The British Embassy and the Inter-Institutional Table in favour of girls, consisting of 13 local and international organisations, have been engaged in an intense lobby campaign for over a year explaining the difficult circumstances faced by Guatemalan girls, including lack of access to education, early marriage and pregnancy, and domestic violence, amongst other problems.
These concerns are in line with the global efforts of the UK Government to tackle early and forced marriage, and the British Government hosted the global Girl’s Summit in 2014 on which many girls were able to raise their voice against these practices.
A number of the UK’s Programme Partnership Arrangements with non-government organisations include support for early and forced marriage programmes, particularly Plan International, Womankind Worldwide, the International Planned Parenthood Federation and World Vision.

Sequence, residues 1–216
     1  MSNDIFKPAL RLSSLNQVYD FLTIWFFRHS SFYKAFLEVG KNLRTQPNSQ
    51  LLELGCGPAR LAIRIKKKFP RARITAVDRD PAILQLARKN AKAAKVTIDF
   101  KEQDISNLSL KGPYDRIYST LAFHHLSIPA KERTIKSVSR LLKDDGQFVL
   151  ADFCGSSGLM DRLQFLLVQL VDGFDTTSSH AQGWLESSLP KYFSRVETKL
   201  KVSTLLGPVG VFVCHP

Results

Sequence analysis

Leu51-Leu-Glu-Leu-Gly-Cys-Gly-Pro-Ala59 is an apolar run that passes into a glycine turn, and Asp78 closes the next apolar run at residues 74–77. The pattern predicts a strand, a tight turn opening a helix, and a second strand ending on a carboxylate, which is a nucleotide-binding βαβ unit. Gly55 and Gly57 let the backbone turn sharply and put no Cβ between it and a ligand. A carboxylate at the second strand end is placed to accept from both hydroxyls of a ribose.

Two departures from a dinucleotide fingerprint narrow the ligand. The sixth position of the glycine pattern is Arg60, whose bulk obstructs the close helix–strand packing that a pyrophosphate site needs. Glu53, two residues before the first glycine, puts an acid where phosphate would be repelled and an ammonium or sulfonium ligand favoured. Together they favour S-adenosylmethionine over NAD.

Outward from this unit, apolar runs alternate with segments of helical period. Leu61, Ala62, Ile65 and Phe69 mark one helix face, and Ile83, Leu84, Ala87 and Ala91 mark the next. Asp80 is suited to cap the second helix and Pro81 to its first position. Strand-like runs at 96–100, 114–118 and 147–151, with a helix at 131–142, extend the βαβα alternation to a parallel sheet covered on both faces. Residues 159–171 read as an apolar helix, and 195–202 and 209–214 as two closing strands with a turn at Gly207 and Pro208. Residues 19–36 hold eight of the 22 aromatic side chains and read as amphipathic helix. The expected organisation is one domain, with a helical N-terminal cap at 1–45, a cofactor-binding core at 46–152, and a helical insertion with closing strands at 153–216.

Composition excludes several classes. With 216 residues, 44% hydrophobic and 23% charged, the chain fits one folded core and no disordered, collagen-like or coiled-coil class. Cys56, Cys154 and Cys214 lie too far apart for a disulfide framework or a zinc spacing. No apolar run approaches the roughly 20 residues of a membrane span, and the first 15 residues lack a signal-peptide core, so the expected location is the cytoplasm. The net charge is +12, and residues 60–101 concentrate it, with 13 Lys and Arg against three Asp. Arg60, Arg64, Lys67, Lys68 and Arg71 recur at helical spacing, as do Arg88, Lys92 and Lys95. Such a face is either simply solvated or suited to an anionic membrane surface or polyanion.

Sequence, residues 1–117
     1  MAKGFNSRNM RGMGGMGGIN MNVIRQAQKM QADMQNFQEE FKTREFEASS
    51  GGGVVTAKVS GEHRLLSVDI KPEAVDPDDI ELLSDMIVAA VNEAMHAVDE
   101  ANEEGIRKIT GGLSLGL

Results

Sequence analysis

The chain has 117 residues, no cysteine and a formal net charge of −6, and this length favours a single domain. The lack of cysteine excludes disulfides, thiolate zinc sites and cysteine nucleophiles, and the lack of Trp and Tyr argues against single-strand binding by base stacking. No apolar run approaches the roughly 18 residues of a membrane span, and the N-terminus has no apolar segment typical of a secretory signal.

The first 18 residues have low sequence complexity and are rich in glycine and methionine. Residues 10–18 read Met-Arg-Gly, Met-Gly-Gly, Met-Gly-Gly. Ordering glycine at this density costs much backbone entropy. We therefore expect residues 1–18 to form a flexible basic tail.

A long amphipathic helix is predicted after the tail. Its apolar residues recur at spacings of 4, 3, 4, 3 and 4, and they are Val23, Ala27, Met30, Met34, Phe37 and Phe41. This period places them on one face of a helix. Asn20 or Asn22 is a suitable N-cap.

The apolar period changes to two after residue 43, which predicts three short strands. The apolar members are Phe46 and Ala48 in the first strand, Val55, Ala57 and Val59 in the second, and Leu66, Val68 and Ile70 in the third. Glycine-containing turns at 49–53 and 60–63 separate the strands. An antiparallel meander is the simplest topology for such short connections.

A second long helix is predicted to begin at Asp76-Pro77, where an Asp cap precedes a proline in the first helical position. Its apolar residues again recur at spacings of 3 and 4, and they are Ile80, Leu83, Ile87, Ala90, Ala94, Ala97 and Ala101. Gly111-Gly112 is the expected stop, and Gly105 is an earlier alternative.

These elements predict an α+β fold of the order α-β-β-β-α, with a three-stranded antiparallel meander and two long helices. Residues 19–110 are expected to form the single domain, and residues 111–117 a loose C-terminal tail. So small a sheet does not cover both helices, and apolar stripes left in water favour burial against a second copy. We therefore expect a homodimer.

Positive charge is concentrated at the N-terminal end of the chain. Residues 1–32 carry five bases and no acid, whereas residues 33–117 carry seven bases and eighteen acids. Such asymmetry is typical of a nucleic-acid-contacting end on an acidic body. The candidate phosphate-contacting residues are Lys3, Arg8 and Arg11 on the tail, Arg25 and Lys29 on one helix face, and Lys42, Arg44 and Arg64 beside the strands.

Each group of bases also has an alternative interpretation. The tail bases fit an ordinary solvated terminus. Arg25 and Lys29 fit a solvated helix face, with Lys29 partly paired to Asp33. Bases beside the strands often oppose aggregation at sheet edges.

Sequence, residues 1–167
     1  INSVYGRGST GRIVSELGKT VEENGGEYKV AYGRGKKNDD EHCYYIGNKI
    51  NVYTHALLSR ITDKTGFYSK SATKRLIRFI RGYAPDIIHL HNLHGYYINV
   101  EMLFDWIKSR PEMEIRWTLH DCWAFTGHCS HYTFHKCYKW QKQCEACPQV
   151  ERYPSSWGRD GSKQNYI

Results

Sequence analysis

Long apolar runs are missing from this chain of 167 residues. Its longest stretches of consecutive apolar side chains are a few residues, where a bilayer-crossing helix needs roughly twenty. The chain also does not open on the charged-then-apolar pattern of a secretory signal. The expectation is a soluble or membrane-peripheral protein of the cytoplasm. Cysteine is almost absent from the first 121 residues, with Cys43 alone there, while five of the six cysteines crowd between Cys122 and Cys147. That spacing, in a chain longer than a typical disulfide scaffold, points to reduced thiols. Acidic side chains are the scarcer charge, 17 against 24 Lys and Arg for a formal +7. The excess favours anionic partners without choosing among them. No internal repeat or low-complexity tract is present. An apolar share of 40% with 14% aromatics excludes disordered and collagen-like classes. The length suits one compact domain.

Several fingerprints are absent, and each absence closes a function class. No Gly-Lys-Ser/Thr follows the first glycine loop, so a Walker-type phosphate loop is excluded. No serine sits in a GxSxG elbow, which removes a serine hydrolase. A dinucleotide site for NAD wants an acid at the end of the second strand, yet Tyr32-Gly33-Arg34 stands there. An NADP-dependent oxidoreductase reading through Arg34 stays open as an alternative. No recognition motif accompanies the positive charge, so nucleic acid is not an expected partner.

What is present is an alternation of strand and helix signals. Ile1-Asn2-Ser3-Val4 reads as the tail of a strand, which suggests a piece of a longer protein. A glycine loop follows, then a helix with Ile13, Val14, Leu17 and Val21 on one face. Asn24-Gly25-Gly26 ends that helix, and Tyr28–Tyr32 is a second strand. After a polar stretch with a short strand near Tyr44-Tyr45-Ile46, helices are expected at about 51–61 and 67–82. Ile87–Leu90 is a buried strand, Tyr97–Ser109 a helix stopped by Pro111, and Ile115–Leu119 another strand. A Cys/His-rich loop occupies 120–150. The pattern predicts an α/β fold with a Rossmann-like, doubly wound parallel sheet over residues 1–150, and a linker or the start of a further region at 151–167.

According to official statistics, in the last five years more than 80,000 marriages of children under 18 have been registered in Guatemala. 4,983 of these involved girls from 10 to 14 years of age. The departments with the highest record of child marriages are Guatemala, Alta Verapaz and Huehuetenango.
To mark the approval of the law, British Ambassador to Guatemala, Thomas Carter, said:
For these girls marriage is not a choice, but something that happens to them with greater or lesser degrees of physical and psychological coercion. These girls are very vulnerable, and at far greater risk of experiencing dangerous complications in pregnancy and childbirth. With little access to education and economic opportunities, they are more likely to live in poverty. By raising the marital age, Guatemala has taken a very important first step towards improving the rights of all girls in Guatemala. We must now work together to inform and guarantee its implementation.